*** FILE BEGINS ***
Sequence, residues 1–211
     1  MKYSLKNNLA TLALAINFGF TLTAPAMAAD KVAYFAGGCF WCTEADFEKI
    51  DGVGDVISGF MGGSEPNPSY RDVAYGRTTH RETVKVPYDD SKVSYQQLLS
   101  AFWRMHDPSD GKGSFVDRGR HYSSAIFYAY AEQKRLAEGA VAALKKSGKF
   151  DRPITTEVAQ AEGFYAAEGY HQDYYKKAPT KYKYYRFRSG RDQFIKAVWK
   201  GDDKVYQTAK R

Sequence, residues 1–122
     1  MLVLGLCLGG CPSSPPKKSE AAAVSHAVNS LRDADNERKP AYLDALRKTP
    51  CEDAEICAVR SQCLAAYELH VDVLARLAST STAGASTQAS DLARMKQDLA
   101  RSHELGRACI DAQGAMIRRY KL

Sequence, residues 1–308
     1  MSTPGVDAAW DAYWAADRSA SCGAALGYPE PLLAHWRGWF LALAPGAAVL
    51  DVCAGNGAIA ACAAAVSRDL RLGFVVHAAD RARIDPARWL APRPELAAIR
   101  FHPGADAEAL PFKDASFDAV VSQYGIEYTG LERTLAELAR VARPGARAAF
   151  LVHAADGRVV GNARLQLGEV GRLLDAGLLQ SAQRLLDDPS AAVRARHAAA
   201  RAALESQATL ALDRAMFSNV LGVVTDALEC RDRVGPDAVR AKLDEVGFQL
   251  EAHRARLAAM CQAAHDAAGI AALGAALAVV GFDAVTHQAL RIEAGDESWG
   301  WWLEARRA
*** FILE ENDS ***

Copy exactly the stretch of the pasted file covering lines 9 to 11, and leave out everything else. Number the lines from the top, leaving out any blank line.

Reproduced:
    51  CEDAEICAVR SQCLAAYELH VDVLARLAST STAGASTQAS DLARMKQDLA
   101  RSHELGRACI DAQGAMIRRY KL

Sequence, residues 1–308